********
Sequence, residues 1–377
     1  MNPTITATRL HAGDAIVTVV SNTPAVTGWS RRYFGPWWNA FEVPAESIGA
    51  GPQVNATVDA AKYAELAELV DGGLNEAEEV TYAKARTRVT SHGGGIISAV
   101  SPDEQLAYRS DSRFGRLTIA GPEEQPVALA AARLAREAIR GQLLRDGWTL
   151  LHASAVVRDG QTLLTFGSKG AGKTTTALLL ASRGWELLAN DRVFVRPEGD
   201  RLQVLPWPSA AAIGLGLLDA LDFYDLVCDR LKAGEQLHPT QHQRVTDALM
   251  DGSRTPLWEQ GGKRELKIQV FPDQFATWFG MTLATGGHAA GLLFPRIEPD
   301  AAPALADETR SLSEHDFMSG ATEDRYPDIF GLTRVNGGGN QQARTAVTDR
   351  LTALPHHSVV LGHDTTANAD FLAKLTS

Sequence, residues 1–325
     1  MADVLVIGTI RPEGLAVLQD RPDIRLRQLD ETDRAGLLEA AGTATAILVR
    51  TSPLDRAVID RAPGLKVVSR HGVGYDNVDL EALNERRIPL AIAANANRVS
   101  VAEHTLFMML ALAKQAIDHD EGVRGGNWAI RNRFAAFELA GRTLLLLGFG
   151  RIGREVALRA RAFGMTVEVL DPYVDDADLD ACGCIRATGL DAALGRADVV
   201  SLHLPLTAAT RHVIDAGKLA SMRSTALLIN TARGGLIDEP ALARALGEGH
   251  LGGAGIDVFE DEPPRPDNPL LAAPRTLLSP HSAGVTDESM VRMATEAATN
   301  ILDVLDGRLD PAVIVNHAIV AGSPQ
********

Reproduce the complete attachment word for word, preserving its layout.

Sequence, residues 1–377
     1  MNPTITATRL HAGDAIVTVV SNTPAVTGWS RRYFGPWWNA FEVPAESIGA
    51  GPQVNATVDA AKYAELAELV DGGLNEAEEV TYAKARTRVT SHGGGIISAV
   101  SPDEQLAYRS DSRFGRLTIA GPEEQPVALA AARLAREAIR GQLLRDGWTL
   151  LHASAVVRDG QTLLTFGSKG AGKTTTALLL ASRGWELLAN DRVFVRPEGD
   201  RLQVLPWPSA AAIGLGLLDA LDFYDLVCDR LKAGEQLHPT QHQRVTDALM
   251  DGSRTPLWEQ GGKRELKIQV FPDQFATWFG MTLATGGHAA GLLFPRIEPD
   301  AAPALADETR SLSEHDFMSG ATEDRYPDIF GLTRVNGGGN QQARTAVTDR
   351  LTALPHHSVV LGHDTTANAD FLAKLTS

Sequence, residues 1–325
     1  MADVLVIGTI RPEGLAVLQD RPDIRLRQLD ETDRAGLLEA AGTATAILVR
    51  TSPLDRAVID RAPGLKVVSR HGVGYDNVDL EALNERRIPL AIAANANRVS
   101  VAEHTLFMML ALAKQAIDHD EGVRGGNWAI RNRFAAFELA GRTLLLLGFG
   151  RIGREVALRA RAFGMTVEVL DPYVDDADLD ACGCIRATGL DAALGRADVV
   201  SLHLPLTAAT RHVIDAGKLA SMRSTALLIN TARGGLIDEP ALARALGEGH
   251  LGGAGIDVFE DEPPRPDNPL LAAPRTLLSP HSAGVTDESM VRMATEAATN
   301  ILDVLDGRLD PAVIVNHAIV AGSPQ